[iv] Ibid., 19.

[v] Ibid., 20 

[vi] Propert. The History of Miniature Art., 24-25.

[vii] Foster. Chats on Old Miniatures., 49.

[viii] Heath. Miniatures., 29; E. H. Gombrich. The Story of Art. (Mark Harden’s Artchive, n.d.), <http://artchive/V/van_eyck/ghentopn_text.jpg.html&gt; accessed 6.2009.

[ix] Heath. Miniatures., 35-37.

[x] Ibid., 45.

[xi] Ibid., 80.

[xii] Ibid., 101.

[xiii] Bradley. Illuminated Manuscripts., 3.

[xiv] John William Bradley. The Life and Works of Giorgio Giulio Clovio, Miniaturist, with Notices of His Contemporaries and of the Art of Book Decoration in the 16th Century. (London: Quaritch, 1891), 40 and 125; Lives of the Most Eminent Painters, Sculptors and Architects Vol. V. (London: Bohn, 1852), 449.

[xv] Heath. Miniatures., 48.

[xvi] Bradley. The Life and Works of Giorgio Giulio Clovio, Miniaturist, with Notices of His Contemporaries and of the Art of Book Decoration in the 16th Century, 94-95; Miniatures. Heath, 52.

[xvii] Julia de Wolf Gibbs Addison. The Art of the Pitti Palace. Boston: St. Boltolph Soc., 1912., 302.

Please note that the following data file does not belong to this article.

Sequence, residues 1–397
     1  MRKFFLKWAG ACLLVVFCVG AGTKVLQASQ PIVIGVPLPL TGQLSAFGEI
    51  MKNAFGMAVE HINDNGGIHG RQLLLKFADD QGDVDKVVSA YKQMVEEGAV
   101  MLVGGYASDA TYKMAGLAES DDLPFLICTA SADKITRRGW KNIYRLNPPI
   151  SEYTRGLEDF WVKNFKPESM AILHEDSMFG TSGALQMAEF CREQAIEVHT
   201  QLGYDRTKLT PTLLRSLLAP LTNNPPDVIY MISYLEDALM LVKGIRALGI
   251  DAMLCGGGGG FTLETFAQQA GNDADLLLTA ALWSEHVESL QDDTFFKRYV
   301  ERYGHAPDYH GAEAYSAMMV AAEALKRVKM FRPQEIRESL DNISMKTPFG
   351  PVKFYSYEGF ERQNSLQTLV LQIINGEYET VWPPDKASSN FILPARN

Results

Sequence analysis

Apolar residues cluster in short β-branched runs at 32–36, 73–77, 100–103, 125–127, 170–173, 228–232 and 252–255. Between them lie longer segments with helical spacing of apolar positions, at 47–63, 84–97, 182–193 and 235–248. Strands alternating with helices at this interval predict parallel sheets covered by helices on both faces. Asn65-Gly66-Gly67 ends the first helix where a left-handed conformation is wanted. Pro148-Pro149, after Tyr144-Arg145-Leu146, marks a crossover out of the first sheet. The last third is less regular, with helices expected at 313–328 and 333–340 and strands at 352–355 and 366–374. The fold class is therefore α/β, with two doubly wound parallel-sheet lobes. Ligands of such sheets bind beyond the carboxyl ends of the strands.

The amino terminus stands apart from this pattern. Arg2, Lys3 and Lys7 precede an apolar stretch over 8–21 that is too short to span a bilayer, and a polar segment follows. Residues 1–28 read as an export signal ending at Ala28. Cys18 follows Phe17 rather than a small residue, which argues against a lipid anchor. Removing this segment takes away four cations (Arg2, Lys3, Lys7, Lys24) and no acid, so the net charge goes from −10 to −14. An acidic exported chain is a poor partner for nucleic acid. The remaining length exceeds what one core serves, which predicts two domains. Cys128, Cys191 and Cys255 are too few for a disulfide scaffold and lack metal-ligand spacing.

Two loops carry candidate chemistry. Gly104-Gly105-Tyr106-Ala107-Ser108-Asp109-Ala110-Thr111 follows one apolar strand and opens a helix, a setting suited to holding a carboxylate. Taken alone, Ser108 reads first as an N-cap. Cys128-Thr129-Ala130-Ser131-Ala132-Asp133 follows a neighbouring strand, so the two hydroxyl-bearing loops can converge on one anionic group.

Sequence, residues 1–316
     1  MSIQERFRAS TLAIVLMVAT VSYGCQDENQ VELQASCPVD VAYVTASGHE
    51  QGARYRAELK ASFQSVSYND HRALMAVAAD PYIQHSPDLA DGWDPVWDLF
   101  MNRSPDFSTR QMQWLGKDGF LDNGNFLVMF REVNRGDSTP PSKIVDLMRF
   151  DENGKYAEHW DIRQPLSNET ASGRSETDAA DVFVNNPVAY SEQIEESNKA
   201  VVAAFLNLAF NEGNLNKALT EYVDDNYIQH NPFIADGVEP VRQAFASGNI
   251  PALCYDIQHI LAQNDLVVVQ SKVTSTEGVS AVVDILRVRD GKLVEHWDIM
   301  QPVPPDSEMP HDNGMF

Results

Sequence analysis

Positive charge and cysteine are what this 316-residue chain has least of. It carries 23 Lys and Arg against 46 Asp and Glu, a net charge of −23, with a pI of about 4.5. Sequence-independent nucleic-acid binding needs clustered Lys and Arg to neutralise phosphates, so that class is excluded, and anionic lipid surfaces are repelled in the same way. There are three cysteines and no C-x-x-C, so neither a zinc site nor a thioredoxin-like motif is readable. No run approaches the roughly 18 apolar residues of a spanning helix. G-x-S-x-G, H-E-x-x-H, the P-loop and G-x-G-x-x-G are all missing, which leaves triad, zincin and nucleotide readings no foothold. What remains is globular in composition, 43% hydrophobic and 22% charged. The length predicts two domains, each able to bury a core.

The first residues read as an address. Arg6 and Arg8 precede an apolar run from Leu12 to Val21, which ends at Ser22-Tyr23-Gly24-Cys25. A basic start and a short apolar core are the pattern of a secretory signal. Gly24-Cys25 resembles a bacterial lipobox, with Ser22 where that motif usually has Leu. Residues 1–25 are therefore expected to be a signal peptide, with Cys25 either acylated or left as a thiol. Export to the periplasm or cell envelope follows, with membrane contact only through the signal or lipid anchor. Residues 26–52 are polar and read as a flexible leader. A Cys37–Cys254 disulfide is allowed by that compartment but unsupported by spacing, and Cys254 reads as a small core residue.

[xviii] Paul A. Winckler. Reader in the History of Books and Printing. (Englewood, CO: Information Handling Services, 1978), 149; Bardo. English & Continental Portrait Miniatures: The Latter-Schlesinger Collection., 31.

[xix] Gullick. Painting Popularly Explained 2nd. Ed., 112

[xx] “Artists Pigments.” (Old and Sold, n.d.) (Originally published 1913.) <; accessed 2009.

[xxi] Dudley Heath. “Some Ancestors of Alphonso XIII and Other Miniatures in Oil in the Collection of His Grace the Duke of Buccleuch at Montagu House.” The Connoisseur Vol. 18. (London: Otto, 1907), 3.

[xxii] Propert. The History of Miniature Art., 41; Graham Reynolds. European Miniatures in the Metropolitan Museum of Art. (New York, MET, 1996), 11 and 68.

[xxiii] Wehle. American Miniatures. 8; See also: L. Dimier. “French Painting in the Sixteenth Century.” Trans. Harold Child. (London: Duckworth, New York: Charles Scribner’s Sons, 1904)

<; accessed 2.2010.

[xxiv] “Byzantium and the Origins of the Renaissance Medal.” Craig Barclay. (, n.d.) <; accessed 2.2010.

[xxv] W. G. Bowdoin. “Miniature Painting.” The Outlook. (1901), 776.

[xxvi] Graham Reynolds. Wallace Collection, Catalogue of Miniatures. (London, 1980), 7; Reynolds. European Miniatures in the Metropolitan Museum of Art., 67; “Philadelphia Exhibit of Miniatures.” The New York Times 10 Nov. 1907.

[xxvii] Bardo. English & Continental Portrait Miniatures: The Latter-Schlesinger Collection., 15-16.

[xxviii] Coombs. “European Visions: American Voices, A Kind of Gentle Painting.”, 83.